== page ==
At this point in his extended career, Jeff Tweedy possesses any number of credits as applied to his extensive resume. Singer, songwriter, producer and, of course, invaluable contributor to a variety of bands — Uncle Tupelo initially, and now Wilco chief among them, but also the Minus 5, Loose Fur, Tweedy and Golden Smog all along the way.
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Recently, Tweedy added the title of author to his list of accomplishments, courtesy of an excellent instruction tome, How To Write One Song. The follow-up to his first manuscript, the autobiographical Let’s Go (So We Can Get Back), it examines the craft of composition from a personal perspective by sharing insights into his own creative process. Rather than focus on the results, Tweedy emphasizes the art from a psychological and subliminal point of view, eliminating the need for unnecessary expectation while making the process compatible with one’s perceptions and point of view.
In that regard, the book finds a higher purpose than simply songwriting. It encourages the reader to get in touch with one’s creative self and realize the subliminal satisfaction.
“I think primarily it was a sincere belief that there’s a good practice to be made for having a daily creative endeavor and wanting to share that, and also how that benefitted me,” Tweedy tells us. “It was written to maybe demystify the process a little bit, because there aren’t a lot of great books out there about songwriting, at least I don’t think so. I haven’t found very many. I think that a lot of people think it’s not something you can share. It just seemed like a good idea, you know?”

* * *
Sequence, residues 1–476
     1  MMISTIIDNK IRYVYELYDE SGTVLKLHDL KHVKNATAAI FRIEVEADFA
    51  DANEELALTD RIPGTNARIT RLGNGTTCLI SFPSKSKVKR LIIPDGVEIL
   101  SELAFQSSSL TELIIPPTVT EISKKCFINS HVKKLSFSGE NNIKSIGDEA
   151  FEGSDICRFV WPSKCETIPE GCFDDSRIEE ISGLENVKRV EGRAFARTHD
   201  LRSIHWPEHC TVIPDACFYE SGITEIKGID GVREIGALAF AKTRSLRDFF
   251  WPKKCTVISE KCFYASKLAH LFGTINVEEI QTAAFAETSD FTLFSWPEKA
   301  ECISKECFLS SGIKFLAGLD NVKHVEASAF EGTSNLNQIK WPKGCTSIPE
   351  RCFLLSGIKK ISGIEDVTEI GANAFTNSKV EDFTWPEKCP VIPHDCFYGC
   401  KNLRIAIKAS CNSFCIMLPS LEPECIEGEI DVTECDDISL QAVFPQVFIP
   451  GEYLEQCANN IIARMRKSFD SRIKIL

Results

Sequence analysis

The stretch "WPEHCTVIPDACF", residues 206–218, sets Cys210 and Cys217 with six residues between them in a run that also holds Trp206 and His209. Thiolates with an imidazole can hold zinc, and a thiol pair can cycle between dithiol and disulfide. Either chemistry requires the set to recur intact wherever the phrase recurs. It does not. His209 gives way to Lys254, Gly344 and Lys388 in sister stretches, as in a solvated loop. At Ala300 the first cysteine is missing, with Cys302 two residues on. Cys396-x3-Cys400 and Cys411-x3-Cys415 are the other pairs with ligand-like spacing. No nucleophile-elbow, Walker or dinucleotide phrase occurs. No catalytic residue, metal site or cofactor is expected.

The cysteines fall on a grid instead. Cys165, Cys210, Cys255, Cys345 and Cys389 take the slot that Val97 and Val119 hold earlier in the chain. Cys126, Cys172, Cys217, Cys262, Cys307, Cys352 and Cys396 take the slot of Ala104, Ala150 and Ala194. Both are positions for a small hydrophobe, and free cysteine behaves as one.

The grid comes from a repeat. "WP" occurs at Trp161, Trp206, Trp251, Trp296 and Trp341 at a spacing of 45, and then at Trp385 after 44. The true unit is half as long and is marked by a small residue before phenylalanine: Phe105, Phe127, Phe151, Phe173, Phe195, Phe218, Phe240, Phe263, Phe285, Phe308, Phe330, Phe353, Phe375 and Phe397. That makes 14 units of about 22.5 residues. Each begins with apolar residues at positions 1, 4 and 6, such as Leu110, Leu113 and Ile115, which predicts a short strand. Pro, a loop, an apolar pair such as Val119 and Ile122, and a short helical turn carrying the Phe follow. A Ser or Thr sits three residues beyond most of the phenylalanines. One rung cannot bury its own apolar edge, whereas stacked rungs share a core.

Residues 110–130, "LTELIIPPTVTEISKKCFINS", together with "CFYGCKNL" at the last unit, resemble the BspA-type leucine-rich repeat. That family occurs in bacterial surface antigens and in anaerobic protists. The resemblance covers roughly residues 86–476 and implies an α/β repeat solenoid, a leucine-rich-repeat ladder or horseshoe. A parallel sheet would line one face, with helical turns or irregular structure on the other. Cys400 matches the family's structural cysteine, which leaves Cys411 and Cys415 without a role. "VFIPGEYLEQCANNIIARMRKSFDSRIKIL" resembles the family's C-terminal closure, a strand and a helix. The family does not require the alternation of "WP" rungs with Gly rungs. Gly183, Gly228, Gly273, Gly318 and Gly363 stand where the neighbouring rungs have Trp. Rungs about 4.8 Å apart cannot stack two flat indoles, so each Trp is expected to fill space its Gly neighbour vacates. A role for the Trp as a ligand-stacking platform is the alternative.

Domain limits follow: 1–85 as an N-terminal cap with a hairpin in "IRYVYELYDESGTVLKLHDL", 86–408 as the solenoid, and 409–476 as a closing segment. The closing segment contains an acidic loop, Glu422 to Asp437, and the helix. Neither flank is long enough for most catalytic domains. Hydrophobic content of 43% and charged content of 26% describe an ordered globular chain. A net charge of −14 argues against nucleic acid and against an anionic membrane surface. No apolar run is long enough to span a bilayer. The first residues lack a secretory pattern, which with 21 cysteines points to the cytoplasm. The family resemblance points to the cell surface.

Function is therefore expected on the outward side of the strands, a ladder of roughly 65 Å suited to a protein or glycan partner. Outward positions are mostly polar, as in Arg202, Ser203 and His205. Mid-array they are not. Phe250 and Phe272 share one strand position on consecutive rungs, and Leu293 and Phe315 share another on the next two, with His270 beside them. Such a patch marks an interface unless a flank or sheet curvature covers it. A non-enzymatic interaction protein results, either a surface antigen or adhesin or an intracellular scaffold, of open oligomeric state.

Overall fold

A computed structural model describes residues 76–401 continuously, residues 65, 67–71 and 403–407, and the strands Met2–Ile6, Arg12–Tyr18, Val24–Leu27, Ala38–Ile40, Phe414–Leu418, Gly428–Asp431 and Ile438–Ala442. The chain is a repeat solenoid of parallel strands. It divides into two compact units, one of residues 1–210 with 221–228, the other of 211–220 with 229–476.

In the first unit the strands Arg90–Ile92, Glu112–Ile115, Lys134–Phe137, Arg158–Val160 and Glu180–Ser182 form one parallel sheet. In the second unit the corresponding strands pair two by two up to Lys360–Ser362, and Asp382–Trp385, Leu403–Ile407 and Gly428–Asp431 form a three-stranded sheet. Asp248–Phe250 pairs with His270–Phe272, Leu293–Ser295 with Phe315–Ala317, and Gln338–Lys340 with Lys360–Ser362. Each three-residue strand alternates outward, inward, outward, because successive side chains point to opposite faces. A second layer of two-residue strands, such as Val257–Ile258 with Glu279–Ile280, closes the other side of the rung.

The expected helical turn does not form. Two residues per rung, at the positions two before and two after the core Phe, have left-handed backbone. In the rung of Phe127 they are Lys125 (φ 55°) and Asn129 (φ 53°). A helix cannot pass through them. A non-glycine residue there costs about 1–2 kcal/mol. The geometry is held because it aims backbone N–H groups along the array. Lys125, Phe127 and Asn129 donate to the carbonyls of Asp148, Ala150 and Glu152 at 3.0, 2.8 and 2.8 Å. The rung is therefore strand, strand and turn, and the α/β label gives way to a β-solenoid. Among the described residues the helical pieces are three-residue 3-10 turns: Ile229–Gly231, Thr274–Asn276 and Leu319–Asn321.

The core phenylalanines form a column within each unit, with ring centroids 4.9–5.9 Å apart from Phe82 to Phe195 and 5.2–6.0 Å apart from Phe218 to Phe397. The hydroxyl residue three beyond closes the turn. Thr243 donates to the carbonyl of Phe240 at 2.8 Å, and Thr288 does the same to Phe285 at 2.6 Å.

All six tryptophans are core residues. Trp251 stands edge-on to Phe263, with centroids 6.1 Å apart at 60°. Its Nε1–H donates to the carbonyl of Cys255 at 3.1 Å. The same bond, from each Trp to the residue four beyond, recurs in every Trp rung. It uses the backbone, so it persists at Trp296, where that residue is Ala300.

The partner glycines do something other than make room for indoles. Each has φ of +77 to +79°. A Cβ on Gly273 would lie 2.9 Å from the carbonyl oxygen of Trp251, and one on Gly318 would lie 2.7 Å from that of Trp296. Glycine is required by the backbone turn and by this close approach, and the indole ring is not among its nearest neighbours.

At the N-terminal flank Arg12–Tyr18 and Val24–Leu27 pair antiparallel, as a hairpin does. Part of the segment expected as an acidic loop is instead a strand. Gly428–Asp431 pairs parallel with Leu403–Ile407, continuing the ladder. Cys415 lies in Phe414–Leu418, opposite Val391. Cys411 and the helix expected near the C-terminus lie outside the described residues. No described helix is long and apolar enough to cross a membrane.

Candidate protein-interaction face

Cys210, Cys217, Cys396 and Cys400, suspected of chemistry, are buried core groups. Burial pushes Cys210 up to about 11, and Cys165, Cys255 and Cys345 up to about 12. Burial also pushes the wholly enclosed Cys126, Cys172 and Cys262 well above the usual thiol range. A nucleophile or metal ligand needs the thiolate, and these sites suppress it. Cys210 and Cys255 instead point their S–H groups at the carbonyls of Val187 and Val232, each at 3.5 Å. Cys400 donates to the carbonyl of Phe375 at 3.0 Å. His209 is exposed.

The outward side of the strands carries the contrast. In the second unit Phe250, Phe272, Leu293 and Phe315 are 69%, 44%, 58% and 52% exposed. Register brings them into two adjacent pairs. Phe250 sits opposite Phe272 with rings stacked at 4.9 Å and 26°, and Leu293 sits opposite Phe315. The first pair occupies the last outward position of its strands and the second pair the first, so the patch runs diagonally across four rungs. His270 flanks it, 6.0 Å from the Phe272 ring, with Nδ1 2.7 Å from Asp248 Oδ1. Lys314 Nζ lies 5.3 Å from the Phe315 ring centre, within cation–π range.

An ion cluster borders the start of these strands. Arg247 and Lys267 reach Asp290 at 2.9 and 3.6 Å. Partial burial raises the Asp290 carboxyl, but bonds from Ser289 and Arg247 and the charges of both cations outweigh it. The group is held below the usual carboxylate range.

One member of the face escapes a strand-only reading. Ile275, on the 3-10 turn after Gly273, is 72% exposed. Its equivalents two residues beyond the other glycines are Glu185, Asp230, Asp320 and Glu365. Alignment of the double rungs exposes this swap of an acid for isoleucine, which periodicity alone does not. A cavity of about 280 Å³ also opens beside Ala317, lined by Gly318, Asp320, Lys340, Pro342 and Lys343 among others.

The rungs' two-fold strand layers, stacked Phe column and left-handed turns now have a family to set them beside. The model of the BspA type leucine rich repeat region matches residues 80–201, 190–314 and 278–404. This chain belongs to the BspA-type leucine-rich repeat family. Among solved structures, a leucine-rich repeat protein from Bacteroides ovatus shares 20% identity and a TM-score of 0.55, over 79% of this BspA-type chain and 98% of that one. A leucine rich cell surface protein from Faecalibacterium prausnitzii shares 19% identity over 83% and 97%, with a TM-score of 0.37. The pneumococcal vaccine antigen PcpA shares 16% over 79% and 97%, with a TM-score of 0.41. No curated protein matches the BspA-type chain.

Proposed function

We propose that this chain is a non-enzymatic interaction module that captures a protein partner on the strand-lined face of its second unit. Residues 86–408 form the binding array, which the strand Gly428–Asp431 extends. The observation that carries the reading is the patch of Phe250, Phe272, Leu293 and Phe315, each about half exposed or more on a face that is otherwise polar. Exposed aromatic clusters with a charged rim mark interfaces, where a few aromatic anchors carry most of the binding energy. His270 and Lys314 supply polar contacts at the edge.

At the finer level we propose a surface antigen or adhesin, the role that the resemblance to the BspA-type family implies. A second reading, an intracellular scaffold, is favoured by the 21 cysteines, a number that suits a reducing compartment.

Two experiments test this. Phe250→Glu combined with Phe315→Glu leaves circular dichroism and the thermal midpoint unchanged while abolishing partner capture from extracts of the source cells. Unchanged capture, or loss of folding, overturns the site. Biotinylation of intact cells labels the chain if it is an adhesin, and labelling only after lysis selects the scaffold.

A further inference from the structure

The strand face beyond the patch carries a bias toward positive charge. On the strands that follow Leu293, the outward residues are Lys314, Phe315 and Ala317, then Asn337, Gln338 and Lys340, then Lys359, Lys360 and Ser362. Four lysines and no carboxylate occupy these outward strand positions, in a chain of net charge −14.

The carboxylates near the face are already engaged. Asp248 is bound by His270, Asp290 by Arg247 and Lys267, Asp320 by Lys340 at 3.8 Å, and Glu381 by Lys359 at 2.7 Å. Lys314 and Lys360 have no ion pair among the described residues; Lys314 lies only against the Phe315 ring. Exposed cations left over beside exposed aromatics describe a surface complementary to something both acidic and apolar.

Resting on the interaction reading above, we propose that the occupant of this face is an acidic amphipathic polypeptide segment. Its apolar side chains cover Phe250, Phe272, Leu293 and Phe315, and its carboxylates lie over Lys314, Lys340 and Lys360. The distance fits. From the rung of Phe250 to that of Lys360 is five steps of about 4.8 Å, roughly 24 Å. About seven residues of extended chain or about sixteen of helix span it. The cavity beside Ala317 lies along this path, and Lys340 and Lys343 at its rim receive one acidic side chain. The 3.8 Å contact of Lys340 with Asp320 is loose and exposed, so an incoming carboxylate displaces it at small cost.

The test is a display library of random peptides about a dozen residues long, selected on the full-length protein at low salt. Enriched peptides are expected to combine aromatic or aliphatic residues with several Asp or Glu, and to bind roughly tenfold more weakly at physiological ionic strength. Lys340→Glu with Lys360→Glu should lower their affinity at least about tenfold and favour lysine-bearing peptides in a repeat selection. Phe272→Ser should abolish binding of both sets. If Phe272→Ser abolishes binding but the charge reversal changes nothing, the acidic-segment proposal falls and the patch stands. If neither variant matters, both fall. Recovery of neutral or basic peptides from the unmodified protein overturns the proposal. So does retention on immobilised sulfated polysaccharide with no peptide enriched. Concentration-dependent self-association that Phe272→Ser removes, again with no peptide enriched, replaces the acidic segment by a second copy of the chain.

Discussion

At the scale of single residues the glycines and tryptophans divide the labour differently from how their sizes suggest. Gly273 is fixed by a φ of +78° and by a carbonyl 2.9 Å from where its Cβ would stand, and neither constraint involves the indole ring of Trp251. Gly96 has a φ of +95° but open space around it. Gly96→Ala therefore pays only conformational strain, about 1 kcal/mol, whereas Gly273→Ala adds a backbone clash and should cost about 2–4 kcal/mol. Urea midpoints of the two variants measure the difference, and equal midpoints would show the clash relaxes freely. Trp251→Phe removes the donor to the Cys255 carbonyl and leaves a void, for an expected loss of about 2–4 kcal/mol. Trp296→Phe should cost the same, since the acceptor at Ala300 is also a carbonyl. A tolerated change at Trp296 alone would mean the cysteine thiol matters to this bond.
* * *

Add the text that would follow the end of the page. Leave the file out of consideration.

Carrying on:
Tweedy himself laughs at the prospect that he’d be considered a candidate to join the ranks of academics in any particular position. “Well, that would be a first,” he jokes. “Don’t tell anybody. That would be cool though. I thought when you mentioned I’m on the verge of academia, you were going to say instead that I’m on the verge of having a lot of people writing songs and sending them to me. I’ll just nip that in the bud and say that if you need my approval, you’ve read the book incorrectly.”
He continues: “I think the only way to do it right is to ask how you feel about yourself, and then by spending time apart with your own imagination. I don’t think the song itself is the end goal necessarily. It’s nice to have a finished song, but the book is really focused on process, and the idea that that’s the place where you end up benefiting psychologically and spiritually, just spending time with a part of your brain you may tend to look down upon.”
Indeed, Tweedy takes a strong spiritual stance, one that might seem surprising given the subject.
“People spend a lot of time looking outward for inspiration, looking outward for entertainment or for reaction,” he observes. “We tend to be focused on being content and things like that. That’s no profound observation, but it does seem to be at extreme levels in the modern era. The people I know that are the happiest and have the best lives — at least judging from the outside — are people that remind themselves on a daily basis that there’s an enormous reserve of inspiration and entertainment inside, in their imaginations. It sounds almost childlike to describe it that way, but it’s true. We don’t really spend a lot of time with ourselves to self-soothe and to basically get lost in our own thoughts and imagination. I think that’s something worth sharing and worth championing, because it’s made all the difference in the world to me.”
In addition, Tweedy has a new solo album to tout, and not surprisingly, it too shares its sound from a personal perspective. Song titles such as “Save It For Me,” “Troubled” and “Bad Day Lately” reflect that introspective imagination while applying it to a countrified caress that often brings to mind the late Don Williams and his decidedly unassuming attitude. Indeed, “Love Is the King” and “Even I Can See” rank among the most soothing and solitary songs Tweedy’s ever written.